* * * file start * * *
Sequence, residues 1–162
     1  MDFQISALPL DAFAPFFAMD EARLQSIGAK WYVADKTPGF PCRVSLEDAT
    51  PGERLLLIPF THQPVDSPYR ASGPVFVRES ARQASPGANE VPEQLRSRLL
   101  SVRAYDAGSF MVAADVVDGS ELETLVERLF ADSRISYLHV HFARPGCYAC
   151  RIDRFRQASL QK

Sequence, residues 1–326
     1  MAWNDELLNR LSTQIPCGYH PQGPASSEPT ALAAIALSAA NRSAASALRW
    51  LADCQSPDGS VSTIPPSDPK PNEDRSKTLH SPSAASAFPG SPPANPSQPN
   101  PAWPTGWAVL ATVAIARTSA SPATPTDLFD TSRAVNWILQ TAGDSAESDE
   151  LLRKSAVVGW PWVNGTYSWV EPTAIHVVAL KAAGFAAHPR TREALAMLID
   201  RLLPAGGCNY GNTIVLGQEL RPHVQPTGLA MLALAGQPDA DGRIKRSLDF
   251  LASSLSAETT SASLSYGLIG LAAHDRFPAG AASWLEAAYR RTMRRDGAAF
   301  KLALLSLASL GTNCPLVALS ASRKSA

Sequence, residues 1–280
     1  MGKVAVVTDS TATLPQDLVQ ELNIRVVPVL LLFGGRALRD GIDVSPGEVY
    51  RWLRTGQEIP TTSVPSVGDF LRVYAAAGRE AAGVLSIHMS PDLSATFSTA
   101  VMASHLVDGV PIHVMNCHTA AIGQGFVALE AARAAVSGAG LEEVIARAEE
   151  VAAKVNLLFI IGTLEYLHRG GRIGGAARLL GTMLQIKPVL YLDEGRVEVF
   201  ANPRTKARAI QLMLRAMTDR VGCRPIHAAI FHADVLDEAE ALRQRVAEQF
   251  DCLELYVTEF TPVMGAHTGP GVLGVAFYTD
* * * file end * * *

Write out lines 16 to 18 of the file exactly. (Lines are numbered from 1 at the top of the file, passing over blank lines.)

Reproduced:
    51  RWLRTGQEIP TTSVPSVGDF LRVYAAAGRE AAGVLSIHMS PDLSATFSTA
   101  VMASHLVDGV PIHVMNCHTA AIGQGFVALE AARAAVSGAG LEEVIARAEE
   151  VAAKVNLLFI IGTLEYLHRG GRIGGAARLL GTMLQIKPVL YLDEGRVEVF